The function of a muscle spasm

Hey everyone,

So now that my SI joints are stable, it’s letting me observe different patterns within my body that I wasn’t able to see sooner.

When your SI joints are going out of alignment all the time, it’s hard to really see a pattern to it, or discern what your muscles might be doing.

But right now, my muscles are strong enough that they’re able to hold my SI joints in place as I do day-to-day activities (or go hiking!).

So now, what happens when I overdo it?

Now, thankfully, my SI joints don’t to move out of alignment the way they used to. (This is a combination of having enough muscle strength to stabilize them, and also knowing how to move my body in the ways that are the most functional).

What sometimes happens – which is totally normal and happens to people without SI joint issues too- is that I’ll end up getting muscle tightness and spasms, instead.

I used to find this pretty scary because sometimes, a muscle spasm can mimic the feeling of your SI joints being out of alignment. When this it first started happening, I’d freak out at first, until I realized no, my SI joints really are staying stable.

Now, I’ve learned to see muscle spasms differently.

With the way things are now, I can see how when a muscle tightens up, or even goes into spasm, that can actually be one way the body tries to create stability.

For example, I moved recently and spent much of the last two days unpacking things. I carried a bunch of stuff out to my car, to donate to charity. I was lifting and carrying things all day long.

By by the end of the day yesterday, I had a pretty noticeable line of tightness that stretched up from just over the side of my left SI joint, towards the spine. It didn’t really hurt or anything like that. But I noticed it.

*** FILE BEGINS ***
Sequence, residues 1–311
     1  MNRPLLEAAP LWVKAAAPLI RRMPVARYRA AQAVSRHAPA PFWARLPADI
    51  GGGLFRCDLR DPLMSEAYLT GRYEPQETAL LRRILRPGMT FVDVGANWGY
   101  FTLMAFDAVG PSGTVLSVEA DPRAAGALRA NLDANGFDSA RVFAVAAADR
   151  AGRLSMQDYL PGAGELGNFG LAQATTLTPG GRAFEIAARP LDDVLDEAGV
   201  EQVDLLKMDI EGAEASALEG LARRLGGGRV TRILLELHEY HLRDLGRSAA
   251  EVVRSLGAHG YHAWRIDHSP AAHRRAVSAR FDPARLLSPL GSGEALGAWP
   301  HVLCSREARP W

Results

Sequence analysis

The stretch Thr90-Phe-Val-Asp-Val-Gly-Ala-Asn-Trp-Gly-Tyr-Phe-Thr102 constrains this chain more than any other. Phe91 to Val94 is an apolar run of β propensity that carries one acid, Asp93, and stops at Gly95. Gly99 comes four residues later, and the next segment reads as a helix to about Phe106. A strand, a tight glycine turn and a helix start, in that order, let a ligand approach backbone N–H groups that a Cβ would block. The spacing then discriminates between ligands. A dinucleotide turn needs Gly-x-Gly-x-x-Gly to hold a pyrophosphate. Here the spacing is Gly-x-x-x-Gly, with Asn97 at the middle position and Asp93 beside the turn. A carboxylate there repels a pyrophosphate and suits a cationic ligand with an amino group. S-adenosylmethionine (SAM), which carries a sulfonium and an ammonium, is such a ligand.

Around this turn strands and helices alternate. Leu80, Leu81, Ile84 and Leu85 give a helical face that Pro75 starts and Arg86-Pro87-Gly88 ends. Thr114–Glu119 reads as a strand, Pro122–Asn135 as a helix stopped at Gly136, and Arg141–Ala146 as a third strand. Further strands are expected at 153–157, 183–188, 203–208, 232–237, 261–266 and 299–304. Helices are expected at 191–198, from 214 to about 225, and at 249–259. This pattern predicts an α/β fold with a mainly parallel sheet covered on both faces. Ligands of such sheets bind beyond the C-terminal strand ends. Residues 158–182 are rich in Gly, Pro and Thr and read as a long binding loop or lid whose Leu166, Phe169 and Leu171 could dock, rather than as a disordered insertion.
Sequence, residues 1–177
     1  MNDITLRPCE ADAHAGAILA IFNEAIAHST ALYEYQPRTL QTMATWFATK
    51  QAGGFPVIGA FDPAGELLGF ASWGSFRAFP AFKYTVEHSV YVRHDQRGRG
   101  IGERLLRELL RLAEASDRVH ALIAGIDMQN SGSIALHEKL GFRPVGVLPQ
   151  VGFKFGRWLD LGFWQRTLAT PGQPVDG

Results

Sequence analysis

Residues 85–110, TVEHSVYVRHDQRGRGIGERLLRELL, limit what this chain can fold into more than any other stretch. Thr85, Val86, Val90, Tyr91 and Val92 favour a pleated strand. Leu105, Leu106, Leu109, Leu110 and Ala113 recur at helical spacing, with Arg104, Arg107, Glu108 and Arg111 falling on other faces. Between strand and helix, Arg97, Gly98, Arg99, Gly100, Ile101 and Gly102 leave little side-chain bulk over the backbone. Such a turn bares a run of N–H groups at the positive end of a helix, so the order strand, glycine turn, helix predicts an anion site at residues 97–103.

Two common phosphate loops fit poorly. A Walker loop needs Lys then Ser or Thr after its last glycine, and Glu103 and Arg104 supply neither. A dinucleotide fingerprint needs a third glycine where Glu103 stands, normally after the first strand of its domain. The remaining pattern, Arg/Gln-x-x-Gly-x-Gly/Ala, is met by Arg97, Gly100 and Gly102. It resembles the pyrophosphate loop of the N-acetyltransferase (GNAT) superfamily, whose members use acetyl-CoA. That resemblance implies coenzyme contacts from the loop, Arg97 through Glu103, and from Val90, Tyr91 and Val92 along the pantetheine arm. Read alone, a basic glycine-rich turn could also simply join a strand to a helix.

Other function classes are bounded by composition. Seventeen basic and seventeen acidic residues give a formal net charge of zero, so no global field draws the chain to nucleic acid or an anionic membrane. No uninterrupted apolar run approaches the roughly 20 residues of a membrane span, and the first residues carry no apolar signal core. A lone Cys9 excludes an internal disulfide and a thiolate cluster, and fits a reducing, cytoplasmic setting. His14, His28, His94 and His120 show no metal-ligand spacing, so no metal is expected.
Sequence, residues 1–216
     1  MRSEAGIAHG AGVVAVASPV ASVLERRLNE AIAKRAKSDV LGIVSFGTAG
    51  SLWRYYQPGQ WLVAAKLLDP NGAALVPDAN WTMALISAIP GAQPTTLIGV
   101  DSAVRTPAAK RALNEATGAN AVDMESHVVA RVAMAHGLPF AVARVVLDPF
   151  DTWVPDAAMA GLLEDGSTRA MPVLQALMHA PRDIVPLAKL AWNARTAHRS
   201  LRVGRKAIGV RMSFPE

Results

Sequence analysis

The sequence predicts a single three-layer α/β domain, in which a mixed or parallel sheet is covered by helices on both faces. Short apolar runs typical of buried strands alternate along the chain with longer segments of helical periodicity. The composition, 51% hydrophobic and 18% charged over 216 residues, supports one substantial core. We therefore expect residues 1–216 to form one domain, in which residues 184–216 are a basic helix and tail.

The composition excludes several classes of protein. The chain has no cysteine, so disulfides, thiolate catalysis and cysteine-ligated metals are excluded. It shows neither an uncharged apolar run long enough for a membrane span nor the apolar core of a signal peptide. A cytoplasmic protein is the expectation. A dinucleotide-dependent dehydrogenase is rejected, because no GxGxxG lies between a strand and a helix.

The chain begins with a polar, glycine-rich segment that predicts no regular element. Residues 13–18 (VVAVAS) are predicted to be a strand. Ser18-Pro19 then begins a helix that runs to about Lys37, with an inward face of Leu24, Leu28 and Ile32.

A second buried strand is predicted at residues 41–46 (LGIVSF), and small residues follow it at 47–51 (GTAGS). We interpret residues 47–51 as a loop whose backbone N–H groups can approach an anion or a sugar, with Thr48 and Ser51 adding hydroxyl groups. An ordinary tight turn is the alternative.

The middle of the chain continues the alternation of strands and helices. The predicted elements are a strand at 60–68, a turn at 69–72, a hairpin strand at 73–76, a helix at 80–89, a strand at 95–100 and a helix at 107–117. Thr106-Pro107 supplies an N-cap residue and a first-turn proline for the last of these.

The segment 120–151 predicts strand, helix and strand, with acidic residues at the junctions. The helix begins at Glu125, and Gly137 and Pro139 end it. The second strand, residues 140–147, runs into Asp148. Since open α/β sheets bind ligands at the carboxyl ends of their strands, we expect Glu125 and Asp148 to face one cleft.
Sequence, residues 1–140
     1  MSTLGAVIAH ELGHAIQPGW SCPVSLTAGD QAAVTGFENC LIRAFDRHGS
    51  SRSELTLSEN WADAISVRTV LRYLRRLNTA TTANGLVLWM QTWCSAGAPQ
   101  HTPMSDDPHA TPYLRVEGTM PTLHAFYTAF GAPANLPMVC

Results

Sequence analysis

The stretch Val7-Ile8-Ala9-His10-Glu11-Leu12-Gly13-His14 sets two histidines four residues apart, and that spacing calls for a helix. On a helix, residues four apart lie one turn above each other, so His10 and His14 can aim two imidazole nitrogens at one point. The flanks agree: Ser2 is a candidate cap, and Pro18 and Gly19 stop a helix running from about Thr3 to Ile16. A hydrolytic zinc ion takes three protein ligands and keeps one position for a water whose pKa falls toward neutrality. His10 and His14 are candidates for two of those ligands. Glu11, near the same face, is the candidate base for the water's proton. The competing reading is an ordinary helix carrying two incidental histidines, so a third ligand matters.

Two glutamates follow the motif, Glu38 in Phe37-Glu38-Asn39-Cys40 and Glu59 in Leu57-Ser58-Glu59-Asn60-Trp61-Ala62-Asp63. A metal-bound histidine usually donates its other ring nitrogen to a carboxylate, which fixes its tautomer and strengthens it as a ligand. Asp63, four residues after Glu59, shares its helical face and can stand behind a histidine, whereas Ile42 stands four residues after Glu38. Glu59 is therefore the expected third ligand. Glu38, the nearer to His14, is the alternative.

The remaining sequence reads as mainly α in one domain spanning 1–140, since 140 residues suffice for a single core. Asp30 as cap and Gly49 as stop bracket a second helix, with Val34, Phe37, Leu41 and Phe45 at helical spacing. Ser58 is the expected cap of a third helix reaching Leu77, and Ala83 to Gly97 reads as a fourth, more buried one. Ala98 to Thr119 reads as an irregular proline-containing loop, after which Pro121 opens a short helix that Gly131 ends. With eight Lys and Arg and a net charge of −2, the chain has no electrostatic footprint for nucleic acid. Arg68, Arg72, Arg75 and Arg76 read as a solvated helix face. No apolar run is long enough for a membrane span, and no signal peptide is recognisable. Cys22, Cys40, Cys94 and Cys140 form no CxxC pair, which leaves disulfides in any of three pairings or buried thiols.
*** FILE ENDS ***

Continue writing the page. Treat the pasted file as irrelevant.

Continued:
This is the same area that used to get really tight when I would get an upslip, which is the term for when of the hip bones gets pulled upwards, relative to the spine.

What I learned about upslips is that they are usually caused when a muscle called the quadratus lumborum gets tight and pulls that hip bone upwards.

The Quadratus Lumborum muscle highlighted in dark red. Photo credit Uwe Gille

And, wouldn’t you know, that’s exactly the same area where I felt things start to get tight last night.

The difference now is that, last night, I had enough strength in all of the other muscles around the QL, so when it spasmed, it wasn’t acting all by itself to pull the hip bone out of place. Now, it had other muscles as well, acting also to keep that hip bone in one place.

And last night, I saw that quadratus lumborum spasm differently.

When I didn’t have enough muscle strength to hold my SI joints in place, I couldn’t really see it because I would instantly get an upslip, which would really destroy my ability to analyze anything else that was going on.

But last night, I was able to feel some warmth, or almost kindness, towards my QL spasm.

Because while all of my other muscles were tired, from lifting and carrying things for two days, the QL was still going. And that spasm, in some senses, was actually, one of the things that helped to give some stiffness to my lower back area, now that all of my other supporting muscles were tired out.

The role of the QL, and why it goes into spasm, is something I first learned about through some really interesting conversations with my mentors at Muldowney Physical Therapy and Inspire Motion PT.